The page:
Summary: Salvation message about those who are close to being saved, but have never been cleansed.
Is There A Judas Among Us?
Would you name your son Judas? One pastor began his sermon with that question and then followed with this illustration! Does being called a particular name really make any difference? Ask the daughter of Texas Governor James Hogg, who was the first native born governor of Texas, serving just before the turn of the 20th century. He and wife Sarah didn’t really think much about the name they chose for their daughter. They were simply trying to honor Jim’s brother Thomas, by naming her after the heroine of the Civil War poem he had written. So when their second born discovered America on July 10, 1882, they named their bouncing baby girl, “Ima”.
Miss Hogg later recounted: "My grandfather Stinson lived 15 miles from Mineola and news traveled slowly. When he learned of his granddaughter’s name he came trotting to town as fast as he could to protest but it was too late. The christening had taken place, and Ima I was to remain." Ima Hogg. What a name! Can you imagine introducing yourself? “What is your name?” “Ima Hogg.”
Fortunately, Ima Hogg made something of her life in spite of her name. She founded a symphony orchestra, served on the Board of Education and championed music in the schools of Texas and served in Washington D.C. in the Department of Education. She made something of her life in spite of her name. Be careful what you name your children! But I don’t know of very many people throughout history that were named Judas.
Leonardo Da Vinci, the noted Italian artist, painted the Last Supper. It took seven years for him to complete it. The figures representing the twelve Apostles and Christ himself were painted from living persons. The life-model for the painting of the figure of Jesus was chosen first.
When it was decided that Da Vinci would paint this great picture, hundreds and hundreds of young men were carefully viewed in an endeavor to find a face and personality exhibiting innocence and beauty, free from the scars and signs of dissipation caused by sin.
Finally, after weeks of laborious search, a young man nineteen years of age was selected as a model for the portrayal of Christ. For six months Da Vinci worked on the production of this leading character of his famous painting. During the next six years Da Vinci continued his labors on this sublime work of art. One by one fitting persons were chosen to represent each of the eleven Apostles - with space being left for the painting of the figure representing Judas Iscariot as the final task of this masterpiece.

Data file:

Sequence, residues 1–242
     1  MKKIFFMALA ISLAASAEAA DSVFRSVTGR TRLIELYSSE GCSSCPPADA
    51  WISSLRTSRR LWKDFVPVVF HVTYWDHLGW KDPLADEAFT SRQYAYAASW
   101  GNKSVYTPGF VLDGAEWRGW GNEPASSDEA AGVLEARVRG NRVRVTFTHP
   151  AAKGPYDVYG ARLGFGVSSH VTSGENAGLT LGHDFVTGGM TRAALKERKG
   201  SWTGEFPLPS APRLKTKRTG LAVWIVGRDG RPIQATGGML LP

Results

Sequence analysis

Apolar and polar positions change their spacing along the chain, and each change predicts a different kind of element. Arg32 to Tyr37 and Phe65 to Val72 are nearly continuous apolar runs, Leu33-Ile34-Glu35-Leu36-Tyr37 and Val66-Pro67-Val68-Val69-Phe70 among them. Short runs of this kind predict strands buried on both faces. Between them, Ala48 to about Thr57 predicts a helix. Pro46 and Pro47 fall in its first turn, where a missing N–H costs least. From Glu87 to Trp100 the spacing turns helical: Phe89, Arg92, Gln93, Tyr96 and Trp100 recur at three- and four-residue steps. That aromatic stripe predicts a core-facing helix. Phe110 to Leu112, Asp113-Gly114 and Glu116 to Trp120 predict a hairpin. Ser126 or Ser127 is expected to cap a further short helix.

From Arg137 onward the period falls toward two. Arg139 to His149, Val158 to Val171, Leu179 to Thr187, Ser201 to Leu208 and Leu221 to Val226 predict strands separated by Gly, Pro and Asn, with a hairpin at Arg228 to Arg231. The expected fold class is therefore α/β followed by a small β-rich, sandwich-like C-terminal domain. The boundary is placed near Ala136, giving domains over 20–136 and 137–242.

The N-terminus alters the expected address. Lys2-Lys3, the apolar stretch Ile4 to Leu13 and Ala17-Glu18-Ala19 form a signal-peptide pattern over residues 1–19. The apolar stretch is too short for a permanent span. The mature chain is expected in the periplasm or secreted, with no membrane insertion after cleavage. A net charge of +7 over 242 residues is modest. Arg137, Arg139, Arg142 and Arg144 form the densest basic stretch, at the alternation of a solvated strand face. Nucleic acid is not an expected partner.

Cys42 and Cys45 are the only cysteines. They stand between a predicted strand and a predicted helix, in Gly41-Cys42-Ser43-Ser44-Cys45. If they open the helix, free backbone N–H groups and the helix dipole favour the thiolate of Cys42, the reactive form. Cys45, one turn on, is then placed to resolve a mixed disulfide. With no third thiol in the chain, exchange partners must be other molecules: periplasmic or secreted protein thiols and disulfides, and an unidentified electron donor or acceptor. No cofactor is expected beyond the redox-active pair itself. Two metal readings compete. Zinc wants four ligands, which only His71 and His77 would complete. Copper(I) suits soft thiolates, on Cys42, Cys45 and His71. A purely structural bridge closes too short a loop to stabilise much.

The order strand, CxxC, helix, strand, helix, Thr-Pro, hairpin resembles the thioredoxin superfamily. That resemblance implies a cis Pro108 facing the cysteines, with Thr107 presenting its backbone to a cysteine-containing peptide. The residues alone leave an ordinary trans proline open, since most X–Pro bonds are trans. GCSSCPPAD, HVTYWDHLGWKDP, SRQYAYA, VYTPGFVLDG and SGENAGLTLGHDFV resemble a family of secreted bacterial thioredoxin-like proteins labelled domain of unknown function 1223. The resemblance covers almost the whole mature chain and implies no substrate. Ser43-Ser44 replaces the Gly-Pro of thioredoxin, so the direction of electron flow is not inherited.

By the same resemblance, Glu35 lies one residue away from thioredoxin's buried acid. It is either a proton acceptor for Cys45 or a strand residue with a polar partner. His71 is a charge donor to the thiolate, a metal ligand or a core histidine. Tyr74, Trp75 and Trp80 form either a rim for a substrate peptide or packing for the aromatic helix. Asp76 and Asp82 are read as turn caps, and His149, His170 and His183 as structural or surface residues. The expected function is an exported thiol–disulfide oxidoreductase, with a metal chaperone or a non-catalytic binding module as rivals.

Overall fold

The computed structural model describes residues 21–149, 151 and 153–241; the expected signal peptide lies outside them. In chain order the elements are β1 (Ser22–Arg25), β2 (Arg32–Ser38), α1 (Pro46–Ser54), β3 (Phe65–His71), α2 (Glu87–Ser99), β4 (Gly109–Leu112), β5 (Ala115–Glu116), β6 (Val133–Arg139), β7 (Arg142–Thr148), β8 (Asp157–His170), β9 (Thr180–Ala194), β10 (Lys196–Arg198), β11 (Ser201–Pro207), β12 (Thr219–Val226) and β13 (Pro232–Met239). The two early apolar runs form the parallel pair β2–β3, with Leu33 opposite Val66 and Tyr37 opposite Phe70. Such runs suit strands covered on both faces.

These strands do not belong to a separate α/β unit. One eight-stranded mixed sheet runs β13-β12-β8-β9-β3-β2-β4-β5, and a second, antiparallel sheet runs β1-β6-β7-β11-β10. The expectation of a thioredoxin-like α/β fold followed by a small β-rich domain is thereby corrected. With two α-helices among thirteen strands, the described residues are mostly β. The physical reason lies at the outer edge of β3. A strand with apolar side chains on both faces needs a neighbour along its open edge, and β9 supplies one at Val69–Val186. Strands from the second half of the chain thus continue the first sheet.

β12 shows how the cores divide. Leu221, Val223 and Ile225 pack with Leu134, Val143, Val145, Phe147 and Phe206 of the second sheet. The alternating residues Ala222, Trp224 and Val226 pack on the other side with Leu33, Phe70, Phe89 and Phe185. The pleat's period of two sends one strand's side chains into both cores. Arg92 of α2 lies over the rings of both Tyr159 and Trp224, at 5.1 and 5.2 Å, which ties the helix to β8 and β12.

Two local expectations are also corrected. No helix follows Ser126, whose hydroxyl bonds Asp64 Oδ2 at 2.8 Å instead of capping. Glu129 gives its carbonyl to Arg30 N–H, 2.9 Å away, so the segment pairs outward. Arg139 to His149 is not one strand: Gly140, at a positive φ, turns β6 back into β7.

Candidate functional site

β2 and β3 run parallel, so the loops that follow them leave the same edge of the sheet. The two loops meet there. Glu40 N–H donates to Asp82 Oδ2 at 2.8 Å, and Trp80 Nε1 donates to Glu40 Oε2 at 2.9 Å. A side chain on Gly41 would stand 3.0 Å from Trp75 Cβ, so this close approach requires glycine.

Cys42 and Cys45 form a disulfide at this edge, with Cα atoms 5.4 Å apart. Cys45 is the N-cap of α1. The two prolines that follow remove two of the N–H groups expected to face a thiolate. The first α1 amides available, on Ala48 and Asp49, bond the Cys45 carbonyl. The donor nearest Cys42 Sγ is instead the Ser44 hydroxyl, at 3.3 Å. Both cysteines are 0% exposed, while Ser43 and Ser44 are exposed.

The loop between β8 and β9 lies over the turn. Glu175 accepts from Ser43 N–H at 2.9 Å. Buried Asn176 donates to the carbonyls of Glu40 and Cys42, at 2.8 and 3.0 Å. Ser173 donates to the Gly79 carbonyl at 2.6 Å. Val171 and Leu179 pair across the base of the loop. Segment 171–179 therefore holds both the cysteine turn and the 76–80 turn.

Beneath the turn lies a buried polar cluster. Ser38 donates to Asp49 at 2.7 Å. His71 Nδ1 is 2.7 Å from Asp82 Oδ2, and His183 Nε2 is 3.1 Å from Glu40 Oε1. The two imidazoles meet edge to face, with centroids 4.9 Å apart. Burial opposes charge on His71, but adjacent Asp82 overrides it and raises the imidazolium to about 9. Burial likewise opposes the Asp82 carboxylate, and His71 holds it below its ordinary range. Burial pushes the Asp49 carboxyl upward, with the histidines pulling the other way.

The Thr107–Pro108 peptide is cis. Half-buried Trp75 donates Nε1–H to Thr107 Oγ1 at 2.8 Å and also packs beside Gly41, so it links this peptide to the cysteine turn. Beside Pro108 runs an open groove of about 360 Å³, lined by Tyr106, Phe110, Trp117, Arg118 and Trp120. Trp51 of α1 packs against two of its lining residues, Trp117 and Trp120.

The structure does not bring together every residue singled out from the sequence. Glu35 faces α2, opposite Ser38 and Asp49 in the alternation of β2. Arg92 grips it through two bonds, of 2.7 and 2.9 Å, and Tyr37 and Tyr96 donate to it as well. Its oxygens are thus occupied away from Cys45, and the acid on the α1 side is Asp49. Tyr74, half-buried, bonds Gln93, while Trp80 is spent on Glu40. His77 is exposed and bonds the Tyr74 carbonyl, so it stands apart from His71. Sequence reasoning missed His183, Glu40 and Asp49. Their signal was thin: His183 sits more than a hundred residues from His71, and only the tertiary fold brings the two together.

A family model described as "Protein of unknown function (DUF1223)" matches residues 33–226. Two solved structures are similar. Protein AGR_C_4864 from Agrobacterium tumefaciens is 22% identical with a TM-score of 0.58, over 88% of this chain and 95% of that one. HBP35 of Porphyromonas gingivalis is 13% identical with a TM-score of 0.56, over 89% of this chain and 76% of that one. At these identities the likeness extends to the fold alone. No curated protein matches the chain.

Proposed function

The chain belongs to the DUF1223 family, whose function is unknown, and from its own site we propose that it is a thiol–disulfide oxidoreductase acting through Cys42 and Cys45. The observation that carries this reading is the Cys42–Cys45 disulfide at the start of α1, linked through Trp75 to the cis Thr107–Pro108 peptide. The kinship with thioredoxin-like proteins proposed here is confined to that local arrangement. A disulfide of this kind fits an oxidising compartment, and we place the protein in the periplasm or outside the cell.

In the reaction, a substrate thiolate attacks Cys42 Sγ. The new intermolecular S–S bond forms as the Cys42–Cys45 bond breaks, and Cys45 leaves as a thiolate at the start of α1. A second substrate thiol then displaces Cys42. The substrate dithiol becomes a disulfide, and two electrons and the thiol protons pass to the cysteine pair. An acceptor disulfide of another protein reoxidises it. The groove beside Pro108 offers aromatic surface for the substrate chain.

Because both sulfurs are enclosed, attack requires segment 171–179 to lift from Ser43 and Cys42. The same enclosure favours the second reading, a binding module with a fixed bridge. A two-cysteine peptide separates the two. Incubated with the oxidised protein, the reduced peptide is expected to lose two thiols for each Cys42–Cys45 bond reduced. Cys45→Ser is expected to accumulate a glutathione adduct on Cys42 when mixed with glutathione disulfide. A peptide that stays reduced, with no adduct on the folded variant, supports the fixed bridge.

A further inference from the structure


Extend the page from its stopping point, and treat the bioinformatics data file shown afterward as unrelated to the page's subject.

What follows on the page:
This was the Apostle, you remember, who betrayed his Lord for thirty pieces of silver. For weeks Da Vinci searched for a man with a hard, callous face, with a countenance marked by scars of avarice, deceit, hypocrisy, and crime. A face that would delineate a character who would betray his best friend.
After many discouraging experiences in searching for the type of person required to represent Judas, word came to Da Vinci that a man whose appearance fully met his requirements had been found in a dungeon in Rome, sentenced to die for a life of crime and murder. Da Vinci made the trip to Rome at once, and this man was brought out from his imprisonment in the dungeon and led out into the light of the sun. There Da Vinci saw before him a dark, swarthy man his long shaggy and unkempt hair sprawled over his face, which betrayed a character of viciousness and complete ruin. At last the famous painter had found the person he wanted to represent the character of Judas in his painting. By special permission from the king, this prisoner was carried to Milan where the picture was being painted. For months he sat before Da Vinci at appointed hours each day as the gifted artist diligently continued his task of transmitting, to his painting, this base character representing the traitor and betrayer of our Savior.